I'm an XO owner...
"...now needs to have the power capabilities to also handle 20-30 laptops as well."
-- XOs are specifically designed to use minimal power - you can run 20 XOs at less than the energy requirements for a TV, and they can be charged up in rotation while students do other things, then used 'cord-free'.
"How about network connectivity?"
--Xos have built in wifi mesh networking, and any installation of an XO cluster includes a local server that administers the wifi logins, long term data storage, web filtering, the chat and project collaboration system, the email system.
"How about all of the volume licensing agreements?"
--The XOs run Linux, with the Sugar GUI - it is 100% open source, free, and being maintained and updated continuously. As the students learn they can also install other flavors of Linux/Unix.
"anti-virus clients, patch management systems, etc. are all done by volume. Who is going to pay for the additional licenses for these systems?"
-- All handled gratis by the Linux community - you can upgrade the XO automatically from the desktop, use the YUM repository for applications, and the OLPC and Sugar foundations are constantly adding new and imporved apps and functionality. And Linux does not need antivirus (at least not in my experience).
"Maintenance? Is the grant going to give us enough spare laptops to cover for children while they're laptops are down for repair, students who forget laptops, etc? What about the increased workload of an already-thing IT department covering the additional laptops that will, in all likelihood, break more often?"
-- The XO clusters in third world countries have 8 year old girls repairing, maintaining, and upgrading XOs. The OLPC project was _really_well_thought_out_ before they went into production. The figured from the start that the entire system from end to end needed to be such that the children could handle the majority of the administration themselves.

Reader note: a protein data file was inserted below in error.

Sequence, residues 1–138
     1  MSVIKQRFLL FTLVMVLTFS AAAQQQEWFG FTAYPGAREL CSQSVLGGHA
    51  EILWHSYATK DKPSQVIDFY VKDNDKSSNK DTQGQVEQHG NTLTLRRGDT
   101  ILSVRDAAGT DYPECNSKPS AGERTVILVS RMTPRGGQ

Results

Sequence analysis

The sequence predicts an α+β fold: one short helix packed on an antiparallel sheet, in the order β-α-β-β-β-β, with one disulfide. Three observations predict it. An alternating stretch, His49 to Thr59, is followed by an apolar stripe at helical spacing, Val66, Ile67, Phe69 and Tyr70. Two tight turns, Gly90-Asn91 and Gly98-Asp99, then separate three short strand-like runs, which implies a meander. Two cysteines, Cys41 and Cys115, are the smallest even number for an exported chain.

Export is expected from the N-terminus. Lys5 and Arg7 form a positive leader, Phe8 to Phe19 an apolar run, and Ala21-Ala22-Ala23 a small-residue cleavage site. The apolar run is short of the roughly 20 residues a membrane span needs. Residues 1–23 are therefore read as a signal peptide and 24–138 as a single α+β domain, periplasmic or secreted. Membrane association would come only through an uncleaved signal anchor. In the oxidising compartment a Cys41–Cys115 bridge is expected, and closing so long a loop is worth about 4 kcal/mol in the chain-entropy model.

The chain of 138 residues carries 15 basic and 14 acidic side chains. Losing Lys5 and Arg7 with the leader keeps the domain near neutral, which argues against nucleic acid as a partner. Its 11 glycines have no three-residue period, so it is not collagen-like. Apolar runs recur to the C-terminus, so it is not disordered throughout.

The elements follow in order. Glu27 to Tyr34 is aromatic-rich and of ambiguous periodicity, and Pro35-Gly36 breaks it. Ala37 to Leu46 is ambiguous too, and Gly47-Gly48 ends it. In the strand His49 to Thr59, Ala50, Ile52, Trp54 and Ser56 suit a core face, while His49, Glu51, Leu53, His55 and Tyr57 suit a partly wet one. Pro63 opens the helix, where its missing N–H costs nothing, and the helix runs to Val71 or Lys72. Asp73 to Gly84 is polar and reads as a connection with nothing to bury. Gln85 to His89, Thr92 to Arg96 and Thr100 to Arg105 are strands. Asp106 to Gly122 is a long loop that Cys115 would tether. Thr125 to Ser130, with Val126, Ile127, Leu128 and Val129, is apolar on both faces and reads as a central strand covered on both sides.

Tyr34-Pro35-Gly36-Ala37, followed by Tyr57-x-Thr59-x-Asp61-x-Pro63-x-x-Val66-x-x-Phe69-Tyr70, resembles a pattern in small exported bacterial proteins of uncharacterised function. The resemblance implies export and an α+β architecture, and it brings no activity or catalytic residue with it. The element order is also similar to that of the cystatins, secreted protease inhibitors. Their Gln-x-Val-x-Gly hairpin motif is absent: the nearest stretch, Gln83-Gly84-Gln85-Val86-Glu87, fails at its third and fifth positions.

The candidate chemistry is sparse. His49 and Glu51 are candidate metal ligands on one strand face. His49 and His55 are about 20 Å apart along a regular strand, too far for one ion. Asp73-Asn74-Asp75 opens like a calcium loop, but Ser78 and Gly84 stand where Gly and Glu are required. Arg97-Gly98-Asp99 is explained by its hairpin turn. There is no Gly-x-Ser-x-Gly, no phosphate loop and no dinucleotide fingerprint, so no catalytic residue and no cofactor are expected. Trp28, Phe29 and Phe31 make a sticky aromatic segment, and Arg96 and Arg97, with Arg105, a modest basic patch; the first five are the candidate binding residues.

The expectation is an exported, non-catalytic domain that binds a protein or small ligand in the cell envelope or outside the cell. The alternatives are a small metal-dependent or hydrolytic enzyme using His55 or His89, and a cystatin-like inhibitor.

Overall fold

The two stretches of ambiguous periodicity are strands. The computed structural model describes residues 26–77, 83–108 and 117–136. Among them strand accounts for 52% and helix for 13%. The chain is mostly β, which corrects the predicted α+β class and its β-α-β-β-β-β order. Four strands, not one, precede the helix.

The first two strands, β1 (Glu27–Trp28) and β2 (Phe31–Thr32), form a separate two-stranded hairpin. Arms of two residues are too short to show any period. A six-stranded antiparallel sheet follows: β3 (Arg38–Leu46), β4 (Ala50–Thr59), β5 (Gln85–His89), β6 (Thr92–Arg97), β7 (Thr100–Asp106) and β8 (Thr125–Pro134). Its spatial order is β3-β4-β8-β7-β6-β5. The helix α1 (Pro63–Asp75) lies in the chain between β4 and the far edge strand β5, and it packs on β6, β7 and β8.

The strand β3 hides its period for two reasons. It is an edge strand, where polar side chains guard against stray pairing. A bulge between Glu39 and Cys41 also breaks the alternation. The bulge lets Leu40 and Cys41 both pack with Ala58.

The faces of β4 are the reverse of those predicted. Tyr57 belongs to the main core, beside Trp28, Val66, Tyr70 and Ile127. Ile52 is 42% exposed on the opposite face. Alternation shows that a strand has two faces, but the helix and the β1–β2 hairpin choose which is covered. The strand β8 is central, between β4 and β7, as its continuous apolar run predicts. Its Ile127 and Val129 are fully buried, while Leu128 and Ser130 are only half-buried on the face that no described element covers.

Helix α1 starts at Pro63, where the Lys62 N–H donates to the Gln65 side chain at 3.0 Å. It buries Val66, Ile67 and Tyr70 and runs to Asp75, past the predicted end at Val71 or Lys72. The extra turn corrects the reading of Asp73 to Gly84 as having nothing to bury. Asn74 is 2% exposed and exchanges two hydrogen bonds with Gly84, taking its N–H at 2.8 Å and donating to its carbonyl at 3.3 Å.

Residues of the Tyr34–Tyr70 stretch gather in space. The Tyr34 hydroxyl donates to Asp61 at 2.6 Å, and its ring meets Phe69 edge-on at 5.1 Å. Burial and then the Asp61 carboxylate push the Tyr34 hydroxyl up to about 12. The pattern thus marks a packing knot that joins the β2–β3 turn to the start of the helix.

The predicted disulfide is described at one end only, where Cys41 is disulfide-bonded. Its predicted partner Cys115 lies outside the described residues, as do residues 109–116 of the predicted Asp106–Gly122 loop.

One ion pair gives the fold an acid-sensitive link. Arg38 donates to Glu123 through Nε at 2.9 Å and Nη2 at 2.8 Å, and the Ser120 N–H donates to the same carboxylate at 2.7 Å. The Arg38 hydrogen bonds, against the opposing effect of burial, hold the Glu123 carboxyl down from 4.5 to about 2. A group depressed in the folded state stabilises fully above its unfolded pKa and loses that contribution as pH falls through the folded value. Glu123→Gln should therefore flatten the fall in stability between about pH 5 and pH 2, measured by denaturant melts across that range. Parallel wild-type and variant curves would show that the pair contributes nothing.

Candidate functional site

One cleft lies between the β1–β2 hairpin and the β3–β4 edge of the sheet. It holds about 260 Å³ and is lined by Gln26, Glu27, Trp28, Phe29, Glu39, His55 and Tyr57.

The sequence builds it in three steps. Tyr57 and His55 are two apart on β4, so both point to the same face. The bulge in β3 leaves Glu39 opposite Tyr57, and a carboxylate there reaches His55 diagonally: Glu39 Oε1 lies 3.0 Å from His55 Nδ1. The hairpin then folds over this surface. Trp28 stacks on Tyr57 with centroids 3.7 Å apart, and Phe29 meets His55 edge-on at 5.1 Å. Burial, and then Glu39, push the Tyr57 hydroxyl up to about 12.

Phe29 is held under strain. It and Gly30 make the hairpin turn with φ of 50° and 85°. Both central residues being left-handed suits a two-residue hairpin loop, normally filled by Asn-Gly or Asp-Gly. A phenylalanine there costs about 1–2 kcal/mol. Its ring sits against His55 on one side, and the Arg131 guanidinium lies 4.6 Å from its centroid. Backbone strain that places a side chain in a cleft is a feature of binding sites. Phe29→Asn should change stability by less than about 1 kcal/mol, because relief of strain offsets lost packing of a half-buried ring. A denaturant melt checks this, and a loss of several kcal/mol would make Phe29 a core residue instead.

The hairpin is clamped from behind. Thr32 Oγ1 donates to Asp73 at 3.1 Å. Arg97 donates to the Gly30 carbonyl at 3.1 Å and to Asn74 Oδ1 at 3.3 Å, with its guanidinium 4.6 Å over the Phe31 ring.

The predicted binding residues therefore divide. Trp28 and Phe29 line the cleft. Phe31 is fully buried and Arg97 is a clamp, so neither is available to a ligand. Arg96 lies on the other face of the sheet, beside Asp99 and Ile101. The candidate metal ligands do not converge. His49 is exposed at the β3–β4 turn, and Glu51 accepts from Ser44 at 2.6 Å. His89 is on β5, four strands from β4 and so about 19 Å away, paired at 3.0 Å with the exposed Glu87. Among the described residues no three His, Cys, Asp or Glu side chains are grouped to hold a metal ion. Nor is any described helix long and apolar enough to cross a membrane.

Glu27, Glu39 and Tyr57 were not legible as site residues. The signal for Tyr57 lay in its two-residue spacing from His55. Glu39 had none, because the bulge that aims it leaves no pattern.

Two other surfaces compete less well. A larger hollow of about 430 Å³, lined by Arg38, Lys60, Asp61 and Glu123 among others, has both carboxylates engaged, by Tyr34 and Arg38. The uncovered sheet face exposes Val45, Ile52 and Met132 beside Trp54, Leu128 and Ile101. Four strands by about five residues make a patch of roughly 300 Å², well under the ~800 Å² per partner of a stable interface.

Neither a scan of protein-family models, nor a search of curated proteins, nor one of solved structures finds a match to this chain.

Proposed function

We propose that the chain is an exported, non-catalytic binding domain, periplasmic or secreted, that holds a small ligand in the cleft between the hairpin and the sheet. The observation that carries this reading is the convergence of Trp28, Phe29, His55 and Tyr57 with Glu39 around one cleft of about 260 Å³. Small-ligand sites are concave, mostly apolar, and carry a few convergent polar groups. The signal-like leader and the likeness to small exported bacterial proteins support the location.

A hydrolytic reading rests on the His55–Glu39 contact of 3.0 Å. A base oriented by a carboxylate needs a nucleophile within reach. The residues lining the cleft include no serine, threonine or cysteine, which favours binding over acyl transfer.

"And as for the Linux? I'm a FOSS advocate, run nix at home, etc. But you have to realize that *most* school/district IT departments are staffed by folks who were the most technologically proficient users at the time the equipment was installed, e.g. the librarian who knew how to install MS Office got promoted to be the head of the district IT department. Sorry, but supporting (or even running) Linux for a lot of these folks is over their heads."
"Is all of this worth it to give young students laptops? Will this really foster that much additional learning?"
-- In schools as bad as these sound like, if even 10% of the kids that get XOs use them to their full potential it will be worth it.
"Don't get me wrong, I think it's great that someone is trying to promote the technology. Unfortunately there are a lot more pressing matters to take care of in SC schools and a lot of issues to tackle before this could be successfully implemented."
-- The XOs will last the kids for years, and once integrated into the 'school life' they will replace a lot of paper, pens, textbooks, etc.